Jason that's an interesting way of testing translations. I think it would work, sometimes, for a translator to test his own work, or to evaluate someone else's work to see if you agree with it.

If you're trying to settle a debate however, it kind of begs the question. If you already think that the best Spanish equivalent of 'see you later is "te veo luego", then naturally you will translate it back into English as 'see you later'. But what if I think it's "hasta luego"? I am going get different results with your test than you will. In this case I would be wrong, but you'd have to find other means to demonstrate that to me, like asking a bunch of bilingual speakers. But in other cases, especially in ancient languages that haven't been spoken for millennia, the answer wont' be so clear cut.

More fundamentally, your test presupposes that there is a one to one correspondence between words or phrases in one language and another. Translation would really just be transliteration if this were true, a big multiple choice test where there is always just one right answer. Often however there are words or even concepts in one language that simply do not have equivalents in another language. If one translated "tender mercies", "loving kindness", and "merciful love" into ancient Hebrew, you'd probably end up with three different Hebrew expressions, and none of them would be "hesed" (which is what those English phrases translate). 'Hesed' does not have any English equivalent.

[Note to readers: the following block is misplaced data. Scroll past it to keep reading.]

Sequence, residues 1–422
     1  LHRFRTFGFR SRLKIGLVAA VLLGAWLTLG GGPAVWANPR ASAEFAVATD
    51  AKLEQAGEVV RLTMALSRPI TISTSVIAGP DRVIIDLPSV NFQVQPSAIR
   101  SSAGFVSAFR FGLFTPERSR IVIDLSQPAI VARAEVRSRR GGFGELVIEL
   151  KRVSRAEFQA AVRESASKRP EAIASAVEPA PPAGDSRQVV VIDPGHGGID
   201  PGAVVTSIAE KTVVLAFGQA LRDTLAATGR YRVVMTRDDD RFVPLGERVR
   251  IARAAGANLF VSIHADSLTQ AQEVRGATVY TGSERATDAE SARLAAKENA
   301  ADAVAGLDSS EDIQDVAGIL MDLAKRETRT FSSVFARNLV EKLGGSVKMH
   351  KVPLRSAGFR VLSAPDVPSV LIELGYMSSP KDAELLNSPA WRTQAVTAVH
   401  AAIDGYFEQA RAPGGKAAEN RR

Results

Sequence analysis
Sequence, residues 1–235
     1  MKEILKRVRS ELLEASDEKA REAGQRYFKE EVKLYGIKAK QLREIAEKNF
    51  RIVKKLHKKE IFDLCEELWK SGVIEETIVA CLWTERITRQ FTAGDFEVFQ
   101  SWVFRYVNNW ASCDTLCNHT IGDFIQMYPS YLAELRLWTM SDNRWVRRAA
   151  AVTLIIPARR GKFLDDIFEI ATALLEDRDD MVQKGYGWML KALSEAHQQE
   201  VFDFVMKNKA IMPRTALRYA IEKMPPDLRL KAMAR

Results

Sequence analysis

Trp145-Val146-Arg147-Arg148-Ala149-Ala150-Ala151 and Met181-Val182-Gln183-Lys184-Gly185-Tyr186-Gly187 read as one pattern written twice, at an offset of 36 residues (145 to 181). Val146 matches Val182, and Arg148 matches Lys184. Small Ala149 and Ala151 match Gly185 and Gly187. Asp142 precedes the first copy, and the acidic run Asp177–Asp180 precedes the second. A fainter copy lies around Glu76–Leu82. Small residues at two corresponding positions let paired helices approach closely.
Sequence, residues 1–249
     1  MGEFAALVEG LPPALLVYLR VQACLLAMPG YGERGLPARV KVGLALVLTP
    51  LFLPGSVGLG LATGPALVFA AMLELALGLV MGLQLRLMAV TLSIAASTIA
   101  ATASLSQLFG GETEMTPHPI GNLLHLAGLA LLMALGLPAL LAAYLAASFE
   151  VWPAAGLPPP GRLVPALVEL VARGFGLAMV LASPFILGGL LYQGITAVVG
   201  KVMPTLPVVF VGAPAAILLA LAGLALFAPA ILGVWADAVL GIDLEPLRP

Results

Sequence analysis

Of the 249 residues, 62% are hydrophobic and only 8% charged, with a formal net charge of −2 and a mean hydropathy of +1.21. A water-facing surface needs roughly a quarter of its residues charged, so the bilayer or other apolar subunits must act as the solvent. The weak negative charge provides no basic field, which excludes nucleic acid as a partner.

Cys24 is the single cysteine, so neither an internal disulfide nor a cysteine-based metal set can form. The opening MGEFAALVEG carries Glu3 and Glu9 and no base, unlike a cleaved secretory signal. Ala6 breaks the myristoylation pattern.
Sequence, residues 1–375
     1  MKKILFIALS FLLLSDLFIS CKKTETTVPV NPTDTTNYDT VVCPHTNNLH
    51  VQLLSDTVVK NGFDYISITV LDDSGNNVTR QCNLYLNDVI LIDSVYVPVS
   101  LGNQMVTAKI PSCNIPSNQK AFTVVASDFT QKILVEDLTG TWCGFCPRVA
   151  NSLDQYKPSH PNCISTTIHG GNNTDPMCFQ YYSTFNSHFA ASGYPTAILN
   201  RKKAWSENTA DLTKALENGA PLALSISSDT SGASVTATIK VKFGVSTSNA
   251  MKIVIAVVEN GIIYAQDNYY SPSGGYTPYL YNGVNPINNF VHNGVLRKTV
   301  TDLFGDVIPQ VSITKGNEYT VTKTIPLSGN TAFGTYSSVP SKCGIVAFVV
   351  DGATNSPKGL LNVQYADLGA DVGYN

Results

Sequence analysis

If Liturgiam Authenticam says that translations used in the liturgy should be "word for word" (or formal equivalence), then looser translations should not be used in the liturgy. " That does not mean they should not be used elsewhere, for personal reading for example. AFAIK Liturgiam Authenticam does not have anything to say about that issue.

BC I agree, if the tone of the original is sacred, dignified and reverent, then the tone of the translation should strive to be sacred, dignified and reverent. However are all of the scriptures texts sacred, dignified and reverent? Are they not sometimes earthy, or plain? I don't know the original languages so I can't really say. I think translations should try to mimic the tone of the original, whatever that tone might be.

A minor clarification: the NABRE does not say 'Adam went into his wife'. In Gen 4:1 for example it says "had intercourse with his wife Eve". (The NAB used 'had relations with'.)

Steve Molitor said...

I apologize for getting a little off topic here, but the Hebrew word used for marital relations in Genesis 4:1 and elsewhere is 'yada', which does mean 'know'. Sometimes it refers to sexual relations, and sometimes not. The DRC, KJ, RSV and NRSV all use "knew his wife". I'm guessing newer translations felt that younger readers would not recognize that euphemism?